Personally I am interested in exploring further what this Copernican revolution might look like for the welfare state as a whole. How can we live together in a way that accepts and honours mutual dependency? How can we invite contribution and challenge from those of whom society expects too little? How can we live in community? As Vanier says we need community, but real community is mucky, a little bit crazy and often quite annoying. But it is only this kind of community that can create the beauty, truth and the love we all need.
These kinds of questions demand that we reconsider many of our common assumptions about how best to organise society and the welfare state:
Income security – Does it make sense to impose the highest taxes on the poorest, and to load people with stigma or try and control them with sanctions and the patronising Work Programme?
Education – Why do we need to regulate teachers and schools as if Whitehall knows best? Why do we rank and exclude children who need more help to learn?
Health – Why do we heap unrealistic expectation on doctors and nurses? Why do we keep people in hospital when they would thrive better at home or in community?
Disability – Why do we force people to give up freedom just because they need some assistance? Why do we load special taxes on disabled people and the elderly?
Housing – Why are only some able to buy their own home? Why is it acceptable that some people can no longer be able to afford to live in their own communities because prices or rents have gone up?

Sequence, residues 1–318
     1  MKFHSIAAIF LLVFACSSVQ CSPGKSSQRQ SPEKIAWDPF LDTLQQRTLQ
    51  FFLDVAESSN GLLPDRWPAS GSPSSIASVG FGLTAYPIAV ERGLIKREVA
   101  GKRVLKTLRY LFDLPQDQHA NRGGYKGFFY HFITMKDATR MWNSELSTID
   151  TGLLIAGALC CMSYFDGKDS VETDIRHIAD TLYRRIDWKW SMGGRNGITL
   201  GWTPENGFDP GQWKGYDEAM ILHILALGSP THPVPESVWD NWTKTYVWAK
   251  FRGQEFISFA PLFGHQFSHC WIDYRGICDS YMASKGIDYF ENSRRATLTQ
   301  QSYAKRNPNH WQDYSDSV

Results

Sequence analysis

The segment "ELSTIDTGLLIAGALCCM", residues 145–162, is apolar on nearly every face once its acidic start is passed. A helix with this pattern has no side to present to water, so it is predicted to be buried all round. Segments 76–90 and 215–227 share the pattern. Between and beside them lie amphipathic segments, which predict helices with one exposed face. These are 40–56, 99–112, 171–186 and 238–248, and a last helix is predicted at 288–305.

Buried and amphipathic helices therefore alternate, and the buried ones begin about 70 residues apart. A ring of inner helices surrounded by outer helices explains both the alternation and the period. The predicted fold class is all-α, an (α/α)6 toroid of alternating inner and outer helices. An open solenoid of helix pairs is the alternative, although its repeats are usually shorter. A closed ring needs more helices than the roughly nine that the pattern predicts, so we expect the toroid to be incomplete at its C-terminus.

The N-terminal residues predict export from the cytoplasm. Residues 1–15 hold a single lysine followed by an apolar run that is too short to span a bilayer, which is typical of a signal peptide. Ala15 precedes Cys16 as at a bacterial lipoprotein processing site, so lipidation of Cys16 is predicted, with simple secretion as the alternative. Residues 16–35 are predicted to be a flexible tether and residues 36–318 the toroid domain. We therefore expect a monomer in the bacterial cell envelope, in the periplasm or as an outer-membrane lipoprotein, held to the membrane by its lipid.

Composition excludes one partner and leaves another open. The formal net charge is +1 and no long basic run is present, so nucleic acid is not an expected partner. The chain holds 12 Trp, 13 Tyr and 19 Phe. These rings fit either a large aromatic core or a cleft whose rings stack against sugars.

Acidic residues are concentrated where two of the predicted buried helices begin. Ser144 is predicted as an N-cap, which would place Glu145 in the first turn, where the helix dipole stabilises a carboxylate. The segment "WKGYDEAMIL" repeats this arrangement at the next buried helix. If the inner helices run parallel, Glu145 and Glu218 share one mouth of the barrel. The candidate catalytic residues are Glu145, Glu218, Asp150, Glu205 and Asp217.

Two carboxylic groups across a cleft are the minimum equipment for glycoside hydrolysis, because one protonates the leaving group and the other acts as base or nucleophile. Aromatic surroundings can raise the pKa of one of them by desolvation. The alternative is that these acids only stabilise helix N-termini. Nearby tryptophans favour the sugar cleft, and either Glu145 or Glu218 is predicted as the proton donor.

The social problems we face today reflect the challenges Vanier describes. Justice means not just a fair set of rules and rights which individuals enable people to live decent lives; much more it means living together, valuing each other and creating a better world.
I will end with the Benediction (blessing) which was composed by Jean Vanier’s sister Therese and which ended the award ceremony:

May oppressed people and those who oppress them, free each other.
May those who are disabled and those who think they are not, help each other.
May those who need someone to listen, touch the hearts of those who are too busy.
May the homeless bring joy to those who open their doors reluctantly.
May the lonely heal those who think they are self-sufficient.
May the poor melt the hearts of the rich.
May seekers of truth give life to those who are satisfied that they have found it.
May the dying who do not wish to die be comforted by those who find it hard to live.
May the unloved be allowed to unlock the hearts of those who cannot love.
May prisoners find true freedom and liberate others from fear.
May those who sleep on the streets share their gentleness with those who cannot understand them.
May the hungry tear the veil from those who do not hunger after justice.
May those who live without hope, cleanse the hearts of their brothers and sisters who are afraid to live.